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Topic #3

16.30/31 Feedback Control Systems

Frequency response methods

Stability in the Frequency Domain
Nyquist Stability Theorem

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FR: Introduction

Root locus methods have:

Good indicator of transient response;
Explicitly shows location of all closed-loop poles;
Trade-os in the design are fairly clear.
Requires a transfer function model (poles and zeros);
Dicult to infer all performance metrics;
Hard to determine response to steady-state (sinusoids)
Hard to infer stability margins

Frequency response methods are a good complement to the root locus

Can infer performance and stability from the same plot
Can use measured data rather than a transfer function model
Design process can be independent of the system order
Time delays are handled correctly
Graphical techniques (analysis and synthesis) are quite simple.

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Frequency Response Function

Given a system with a transfer function G(s), we call the G(j),

[0, ) the frequency response function (FRF)
G(j) = |G(j)|G(j)
The FRF can be used to nd the steady-state response of a
system to a sinusoidal input since, if



and e(t) = sin 2t, |G(2j)| = 0.3, G(2j) = 80 , then the

steady-state output is
y(t) = 0.3 sin(2t 80)
The FRF clearly shows the magnitude (and phase) of the re
sponse of a system to sinusoidal input

A variety of ways to display this:

1. Polar (Nyquist) plot Re vs. Im of G(j) in complex plane.
Hard to visualize, not useful for synthesis, but gives denitive
tests for stability and is the basis of the robustness analysis.
2. Nichols Plot |G(j)| vs. G(j), which is very handy for sys
tems with lightly damped poles.
3. Bode Plot Log |G(j)| and G(j) vs. Log frequency.
Simplest tool for visualization and synthesis
Typically plot 20log |G| which is given the symbol dB

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Use logarithmic since if

(s + 1)(s + 2)

log |G(s)| =

(s + 3)(s + 4)

= log |s + 1| + log |s + 2| log |s + 3| log |s + 4|

and each of these factors can be calculated separately and then added
to get the total FRF.

Can also split the phase plot since

(s + 1)(s + 2)
(s + 3)(s + 4)

(s + 1) + (s + 2)
(s + 3) (s + 4)

The keypoint in the sketching of the plots is that good straightline

approximations exist and can be used to obtain a good prediction of
the system response.

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Bode Example

Draw Bode for

G(s) =
|G(j)| =

s/10 + 1
|j + 1|
|j/10 + 1|

log |G(j)| = log[1 + (/1)2]1/2 log[1 + (/10)2]1/2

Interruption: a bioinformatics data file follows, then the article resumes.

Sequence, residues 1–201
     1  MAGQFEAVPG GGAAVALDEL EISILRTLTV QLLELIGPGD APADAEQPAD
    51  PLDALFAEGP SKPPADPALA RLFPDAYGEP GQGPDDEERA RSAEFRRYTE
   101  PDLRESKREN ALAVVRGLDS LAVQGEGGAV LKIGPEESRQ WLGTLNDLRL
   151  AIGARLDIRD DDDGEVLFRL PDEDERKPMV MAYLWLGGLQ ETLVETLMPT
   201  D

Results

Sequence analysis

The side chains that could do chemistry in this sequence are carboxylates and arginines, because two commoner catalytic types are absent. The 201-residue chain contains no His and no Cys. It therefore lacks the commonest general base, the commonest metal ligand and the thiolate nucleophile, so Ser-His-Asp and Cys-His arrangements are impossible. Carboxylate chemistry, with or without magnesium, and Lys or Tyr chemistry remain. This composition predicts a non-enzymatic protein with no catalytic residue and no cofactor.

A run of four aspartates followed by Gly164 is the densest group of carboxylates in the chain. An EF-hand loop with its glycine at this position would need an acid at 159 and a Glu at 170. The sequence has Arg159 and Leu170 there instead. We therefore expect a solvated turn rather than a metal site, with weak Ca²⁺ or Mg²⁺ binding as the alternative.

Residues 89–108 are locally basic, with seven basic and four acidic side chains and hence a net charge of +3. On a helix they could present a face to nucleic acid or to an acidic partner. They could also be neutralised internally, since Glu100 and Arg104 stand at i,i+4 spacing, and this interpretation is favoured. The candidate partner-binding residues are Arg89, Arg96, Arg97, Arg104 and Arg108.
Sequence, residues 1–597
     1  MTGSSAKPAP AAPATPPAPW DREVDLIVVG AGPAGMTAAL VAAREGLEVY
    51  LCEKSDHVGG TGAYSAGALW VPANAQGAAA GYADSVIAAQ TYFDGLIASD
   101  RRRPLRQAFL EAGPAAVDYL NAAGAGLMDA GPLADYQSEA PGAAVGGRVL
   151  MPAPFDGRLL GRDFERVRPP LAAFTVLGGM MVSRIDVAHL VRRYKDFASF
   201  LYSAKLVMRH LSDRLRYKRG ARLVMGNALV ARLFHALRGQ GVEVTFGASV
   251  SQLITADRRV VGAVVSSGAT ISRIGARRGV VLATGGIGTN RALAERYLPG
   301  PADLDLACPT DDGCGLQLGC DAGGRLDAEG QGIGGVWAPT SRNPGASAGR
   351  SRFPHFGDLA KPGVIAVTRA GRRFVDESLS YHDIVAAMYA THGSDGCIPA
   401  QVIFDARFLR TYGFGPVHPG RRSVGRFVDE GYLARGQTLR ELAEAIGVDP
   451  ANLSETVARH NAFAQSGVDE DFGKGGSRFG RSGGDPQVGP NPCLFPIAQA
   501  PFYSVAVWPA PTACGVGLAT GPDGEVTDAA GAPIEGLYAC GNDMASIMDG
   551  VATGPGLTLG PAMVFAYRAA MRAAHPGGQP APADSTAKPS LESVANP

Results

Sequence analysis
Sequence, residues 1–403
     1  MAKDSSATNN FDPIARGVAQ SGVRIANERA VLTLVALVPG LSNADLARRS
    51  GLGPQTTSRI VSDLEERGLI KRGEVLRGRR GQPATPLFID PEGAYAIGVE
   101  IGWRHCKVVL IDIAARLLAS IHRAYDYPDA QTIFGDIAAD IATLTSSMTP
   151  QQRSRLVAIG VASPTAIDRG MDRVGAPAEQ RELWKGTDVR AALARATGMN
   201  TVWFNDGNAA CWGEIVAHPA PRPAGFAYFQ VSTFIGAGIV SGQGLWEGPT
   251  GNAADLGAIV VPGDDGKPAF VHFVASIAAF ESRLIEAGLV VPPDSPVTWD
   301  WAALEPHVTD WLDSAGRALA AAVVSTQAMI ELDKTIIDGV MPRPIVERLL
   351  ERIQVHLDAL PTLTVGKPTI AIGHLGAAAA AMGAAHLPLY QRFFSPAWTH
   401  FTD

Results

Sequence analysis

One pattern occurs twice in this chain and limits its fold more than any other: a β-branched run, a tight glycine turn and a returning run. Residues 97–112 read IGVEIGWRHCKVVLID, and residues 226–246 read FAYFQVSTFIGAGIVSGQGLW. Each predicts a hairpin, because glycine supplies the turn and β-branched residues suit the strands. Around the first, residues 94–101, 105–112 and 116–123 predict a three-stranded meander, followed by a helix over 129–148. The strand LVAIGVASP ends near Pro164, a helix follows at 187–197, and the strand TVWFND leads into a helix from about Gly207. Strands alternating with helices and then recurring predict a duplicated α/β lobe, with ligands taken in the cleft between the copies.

log[1 + (/i)2]1/2

log[/i] i

Two straightline approximations that intersect at i

Error at i obvious, but not huge and the straightline approximations

are very easy to work with.

Fig. 1: Frequency response basic approximation

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To form the composite sketch,

Arrange representation of transfer function so that DC gain of
each element is unity (except for parts that have poles or zeros at
the origin) absorb the gain into the overall plant gain.
Draw all component sketches
Start at low frequency (DC) with the component that has the
lowest frequency pole or zero (i.e. s=0)
Use this component to draw the sketch up to the frequency of the
next pole/zero.
Change the slope of the sketch at this point to account for the
new dynamics: -1 for pole, +1 for zero, -2 for double poles, . . .
Scale by overall DC gain

Fig. 2: G(s) = 10(s + 1)/(s + 10) which is a lead.

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Since G(j) = (1 + j) (1 + j/10), we can construct phase

plot for complete system in a similar fashion
Know that (1 + j/i) = tan1(/i)
Can use straightline approximations

0 /i 0.1
(1 + j/i) 90 /i 10

45 /i = 1

Draw components using breakpoints that are at i/10 and 10i

Fig. 3: Phase plot for (s + 1)

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Then add them up starting from zero frequency and changing the
slope as

Fig. 4: Phase plot G(s) = 10(s + 1)/(s + 10) which is a lead.

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Frequency Stability Tests

Want tests on the loop transfer function L(s) = Gc(s)G(s) that can
be performed to establish stability of the closed-loop system
Gcl (s) =

1 + Gc(s)G(s)

Easy to determine using a root locus.

How do this in the frequency domain? i.e., what is the simple
equivalent of the statement does root locus go into RHP?

Intuition: All points on the root locus have the properties that
L(s) = 180 and |L(s)| = 1
So at the point of neutral stability (i.e., imaginary axis crossing),
we know that these conditions must hold for s = j
So for neutral stability in the Bode plot (assume stable plant),
must have that L(j) = 180 and |L(j)| = 1
So for most systems we would expect to see |L(j)| < 1 at the